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What is a Discogram?

A discogram procedure is an important diagnostic tool used to identify the location of pain-causing pathology in the spine. Chronic back pain affects approximately 20% of 20 to 59-year-olds. In many cases, this pain is caused by damage to one or more of the intervertebral discs which separate and cushion the bones of the spine. A variety of radiologic studies are used to evaluate disc back pain such as x-rays, CT scans, and Magnetic Resonance Imaging or MRI. Another helpful tool is the discogram. In most car accident cases, your injury doctor can order a discogram to identify the location of the pain. This useful procedure helps accident doctors to prepare the right treatment plan for the patients.

A discogram is a test done under radiographic guidance that can pinpoint the location of intervertebral disc pain. It is a minimally invasive procedure during which a dye is injected into a specific disc. The dye lights up, or fluoresces, the area under x-ray. The doctor will observe whether the dye remains within the disc, or leaks out. A leaking disc indicates pathology. In some cases an anesthetic is injected into the problematic disc, thus relieving pain.

Preparing for a Discogram Procedure

Because special equipment is needed, a discogram is done either in a hospital or outpatient surgical center that has appropriate radiologic capabilities. Prior to the procedure date, you should notify your doctor of any medication you are taking or any recent illnesses. Women must notify their doctor of pregnancy.

Certain medications and vitamin supplements may cause complications when taken within the week prior to a discogram. For example, blood thinners such as warfarin, aspirin, and non-steroidal anti-inflammatories can cause excessive bleeding. You should also mention any past allergic surgical reactions to your doctor, including those to injectable contrast dyes or shellfish.

To improve comfort, a sedative may be given intravenously during the procedure along with an antibiotic to prevent infection. A local anesthetic will also be administered at the disc access points. You may feel tired after a discogram, so it is always best to have someone accompany you back home.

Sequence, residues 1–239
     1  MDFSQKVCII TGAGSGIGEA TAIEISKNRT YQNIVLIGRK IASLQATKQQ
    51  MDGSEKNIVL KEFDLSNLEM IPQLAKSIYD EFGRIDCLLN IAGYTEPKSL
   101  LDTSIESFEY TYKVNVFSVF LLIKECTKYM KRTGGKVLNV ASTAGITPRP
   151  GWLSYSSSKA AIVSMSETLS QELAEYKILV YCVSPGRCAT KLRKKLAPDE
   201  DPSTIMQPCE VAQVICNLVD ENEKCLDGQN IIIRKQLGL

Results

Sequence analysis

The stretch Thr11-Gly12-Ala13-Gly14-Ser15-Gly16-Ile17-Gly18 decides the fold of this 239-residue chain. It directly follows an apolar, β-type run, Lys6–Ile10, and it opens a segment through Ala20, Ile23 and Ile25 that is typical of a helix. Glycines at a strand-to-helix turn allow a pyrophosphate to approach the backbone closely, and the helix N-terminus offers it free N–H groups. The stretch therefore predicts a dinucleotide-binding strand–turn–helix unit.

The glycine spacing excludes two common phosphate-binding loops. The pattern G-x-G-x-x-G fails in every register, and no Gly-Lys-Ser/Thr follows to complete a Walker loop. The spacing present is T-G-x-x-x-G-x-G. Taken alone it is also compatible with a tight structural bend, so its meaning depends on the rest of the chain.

What to Expect during During Discogram?

The discogram itself should take no longer than 30 minutes to an hour, but you should allow a total of up to three hours for preparation and recovery time. During the procedure, you will be asked to lie on your abdomen or side so that your back is exposed.

The skin will be cleaned with an antiseptic, and a local anesthetic will be administered. Although you will receive a sedative, you will be awake for the majority of the procedure. This is necessary so you can communicate the location of your pain to the doctor performing the discogram.

Throughout the procedure, an x-ray machine will provide real-time images of the bones and intervertebral discs. This is called fluoroscopy. In some cases, a CT scan will be used to enhance the views of your spine. With this guidance, a needle will be inserted through the skin, into a disc, and a dye will be injected.

If there is a disc herniation or tear, the dye will leak out of the disc. If, however, the disc is intact, the dye will remain within the disc’s center. The procedure itself should elicit minimal to no pain. If pain is felt, this also indicates a problem with the sensitive disc.

Pain can be treated by injecting an anesthetic into the disc. When there is more than one disc of concern, the needle procedure will be repeated on the additional discs.

What happens After The Discogram Procedure?

Following the procedure, you may spend 30 minutes to an hour in a recovery room, once the intravenous medication has been discontinued. There may be some mild discomfort at the location of the needle’s insertion, but this should resolve within 24 to 48 hours.

Applying an ice pack may be helpful. If any medications were discontinued prior to the discogram, you should speak with your doctor to determine when to resume these. Occasionally, increased back pain, infection, headache, or nausea occur after a discogram, and rarely, spinal blood vessel or nerve injury.

The results of your test will be interpreted by your doctor and used in conjunction with previous radiologic studies to determine the best treatment plan for your back pain.

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